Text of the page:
Digital Infra Network spoke to Serge Conesa, founder, and CEO of Immersion4 about the benefits that immersion cooling offers and how it allows data centers to be integrated into smart cities.
Can you start with an introduction to Immersion4?
Immersion4 is a company that focuses on cooling electronics by immersing it in liquid. That is what we do. We realised decades ago that cooling electronics with air was going to face massive problems, it leads greenhouse gas (GHG) and CO2 emissions, has huge demands on water, and incurs a massive cost of energy, only for the sake of producing data. We thought that maybe there was another way to produce data, and immersive cooling is an easier way to produce that data in the most resilient manner without having the energy and the pollution cost.
How can immersion cooling reduce data centers energy consumption?
When you look at the concept of data center, it is basically cooling an entire room to cool off some hotspots somewhere in the rack, somewhere within the data room. And for these you have entire infrastructure with raised floor, high ceiling, chemical fire suppressor, UPS back-up system, AC, and HVAC. This system is climate sensitive so you need to be careful on where your data centers are to avoid too big a temperature swing that will increase the cost of energy required to maintain the optimum temperature within the data center.
How much more sustainable is it?
It is between 70 to 90 per cent better in terms of sustainability, so this is a no brainer. Sustainability is driven by the way we build electronics, the way PCBs are designed, also the way electronics are recycled. Without immersive cooling, there is no sustainable data center, period.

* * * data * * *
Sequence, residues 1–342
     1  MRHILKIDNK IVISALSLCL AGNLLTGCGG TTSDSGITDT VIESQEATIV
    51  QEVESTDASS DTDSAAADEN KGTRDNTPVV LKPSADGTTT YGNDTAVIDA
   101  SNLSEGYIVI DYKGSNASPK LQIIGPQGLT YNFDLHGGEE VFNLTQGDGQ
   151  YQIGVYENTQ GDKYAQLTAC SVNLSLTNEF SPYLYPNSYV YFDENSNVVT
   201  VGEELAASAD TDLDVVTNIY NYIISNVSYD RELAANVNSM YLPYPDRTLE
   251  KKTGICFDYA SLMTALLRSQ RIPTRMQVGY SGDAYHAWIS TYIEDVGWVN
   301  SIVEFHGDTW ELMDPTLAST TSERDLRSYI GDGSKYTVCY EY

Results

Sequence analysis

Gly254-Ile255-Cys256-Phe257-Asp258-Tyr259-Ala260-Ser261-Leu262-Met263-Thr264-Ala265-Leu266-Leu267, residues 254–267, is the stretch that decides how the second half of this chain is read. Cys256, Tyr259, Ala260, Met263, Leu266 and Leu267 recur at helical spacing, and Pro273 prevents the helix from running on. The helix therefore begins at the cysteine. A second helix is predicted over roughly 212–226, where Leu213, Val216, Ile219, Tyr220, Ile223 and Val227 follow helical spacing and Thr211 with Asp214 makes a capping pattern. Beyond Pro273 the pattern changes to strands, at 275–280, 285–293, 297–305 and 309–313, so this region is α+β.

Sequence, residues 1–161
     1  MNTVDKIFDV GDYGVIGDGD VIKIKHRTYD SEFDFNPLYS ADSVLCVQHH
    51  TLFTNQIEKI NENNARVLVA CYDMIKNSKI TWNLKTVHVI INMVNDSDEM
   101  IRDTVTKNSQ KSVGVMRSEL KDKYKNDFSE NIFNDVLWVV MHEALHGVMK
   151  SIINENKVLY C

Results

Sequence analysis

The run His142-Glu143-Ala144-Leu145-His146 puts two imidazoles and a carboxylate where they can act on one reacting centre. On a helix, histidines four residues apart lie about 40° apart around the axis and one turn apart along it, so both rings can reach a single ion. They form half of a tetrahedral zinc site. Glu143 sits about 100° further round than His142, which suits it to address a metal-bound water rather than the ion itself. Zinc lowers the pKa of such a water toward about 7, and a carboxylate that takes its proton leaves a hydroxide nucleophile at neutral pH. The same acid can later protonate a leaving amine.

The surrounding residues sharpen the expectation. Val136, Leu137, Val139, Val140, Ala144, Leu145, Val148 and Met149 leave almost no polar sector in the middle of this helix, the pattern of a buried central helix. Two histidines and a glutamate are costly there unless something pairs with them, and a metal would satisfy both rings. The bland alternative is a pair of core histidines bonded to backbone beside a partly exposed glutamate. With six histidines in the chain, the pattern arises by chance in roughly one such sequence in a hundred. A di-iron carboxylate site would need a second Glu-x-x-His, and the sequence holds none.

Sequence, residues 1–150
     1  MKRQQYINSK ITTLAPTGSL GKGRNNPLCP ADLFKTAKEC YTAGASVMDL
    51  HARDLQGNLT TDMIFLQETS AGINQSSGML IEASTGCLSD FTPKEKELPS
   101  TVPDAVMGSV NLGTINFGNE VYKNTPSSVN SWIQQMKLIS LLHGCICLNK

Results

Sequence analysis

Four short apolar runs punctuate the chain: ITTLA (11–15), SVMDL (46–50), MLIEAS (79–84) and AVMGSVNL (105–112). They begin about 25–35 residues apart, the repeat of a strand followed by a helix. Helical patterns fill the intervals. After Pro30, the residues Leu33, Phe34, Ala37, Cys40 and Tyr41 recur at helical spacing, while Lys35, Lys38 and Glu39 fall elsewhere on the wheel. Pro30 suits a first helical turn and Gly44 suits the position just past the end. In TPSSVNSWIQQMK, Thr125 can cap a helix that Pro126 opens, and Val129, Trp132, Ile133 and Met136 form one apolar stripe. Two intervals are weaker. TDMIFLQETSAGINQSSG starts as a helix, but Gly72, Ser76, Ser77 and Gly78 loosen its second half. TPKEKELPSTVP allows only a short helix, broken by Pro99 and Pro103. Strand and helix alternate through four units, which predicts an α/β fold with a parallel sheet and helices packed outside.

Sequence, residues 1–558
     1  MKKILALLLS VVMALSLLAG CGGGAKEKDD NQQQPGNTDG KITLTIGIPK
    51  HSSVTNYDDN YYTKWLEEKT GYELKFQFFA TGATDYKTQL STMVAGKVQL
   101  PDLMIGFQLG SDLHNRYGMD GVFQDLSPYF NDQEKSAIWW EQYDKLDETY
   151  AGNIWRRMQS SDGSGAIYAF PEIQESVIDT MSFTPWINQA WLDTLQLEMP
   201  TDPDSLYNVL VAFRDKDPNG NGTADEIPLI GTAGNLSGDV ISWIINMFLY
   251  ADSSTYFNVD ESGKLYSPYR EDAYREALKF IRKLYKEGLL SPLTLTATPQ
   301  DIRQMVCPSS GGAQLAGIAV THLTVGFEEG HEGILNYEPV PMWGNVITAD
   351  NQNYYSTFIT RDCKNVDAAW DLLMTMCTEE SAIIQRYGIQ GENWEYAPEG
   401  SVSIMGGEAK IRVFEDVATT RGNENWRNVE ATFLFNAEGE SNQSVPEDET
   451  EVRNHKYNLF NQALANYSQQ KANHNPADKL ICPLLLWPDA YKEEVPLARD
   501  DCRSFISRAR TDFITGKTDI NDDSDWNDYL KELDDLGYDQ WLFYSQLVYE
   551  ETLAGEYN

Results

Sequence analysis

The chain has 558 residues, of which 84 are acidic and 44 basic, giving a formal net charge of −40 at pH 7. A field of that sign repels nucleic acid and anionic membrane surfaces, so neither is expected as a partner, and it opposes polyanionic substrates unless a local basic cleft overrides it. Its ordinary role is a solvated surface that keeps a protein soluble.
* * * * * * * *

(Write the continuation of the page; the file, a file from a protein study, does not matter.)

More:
Can you explain your concept that data is energy?
In 2016 data center were responsible for three per cent of the world’s energy use, one per cent of GHG emissions and a few hundreds of million litres of water. By 2025 we are talking about 20 per cent of the world energy, ten per cent of GHG emissions and over three trillion litres water.
Now, why data is energy? Basically, because there are different types of data and the energy you can recover. An email server does not use much energy, but crypto mining uses a lot, especially with the vast amount of heat generated by the electronics.
You have a delta between 20oC to 65oC on the dissipated heat from the electronics that you can recover. When you multiply that by the number of electronic appliances – CPU, FPGA, and others, you come up with a massive number. If you look at crypto mining today, we can completely change that paradigm because for crypto mining, you need 65oC in order to cool them and you can completely reuse the calories that are generated by these electronics. That is the concept of data as energy. Because at the end of the day 20 per cent of the world’s energy is the part consumed by electronics. If there is not enough heat, we can evacuate it. If there is enough heat, we can transform it back into energy.
Can you explain your distributed urban data center efficiency (Dude) model and the sustainable data center architecture (SDA) concept?
Dude is a way to distribute data center within the city in a smart manner. Meaning we can bundle data center with cogeneration to use the data center as an energy producer. In that case, this is a win-win situation. We know that it is very hard for an air cooled data center to reuse the heat because of trying to take the heat from a room as opposed to trying to take the heat from the liquid. If we use immersive cooling, it is a liquid to liquid calorie exchange with a very minimal loss between the two circuits. You can completely collect the calories spent into the liquid due to the digital heat and withdraw them back into energy.
The way we design our system is built on eco conservation. What that means is that if you look at a traditional air cooled data center, 30 to 40 per cent of the electricity is used by the IT load and 60 to 70 per cent for the cooling system. If you look at an Immersion4 system, we have 80 per cent of the electricity dedicated to the IT load and 20 per cent to the cooling system. So we completely change the ratio between how we are spending electricity to power the data.
So you are talking about changing the form factor of the data center.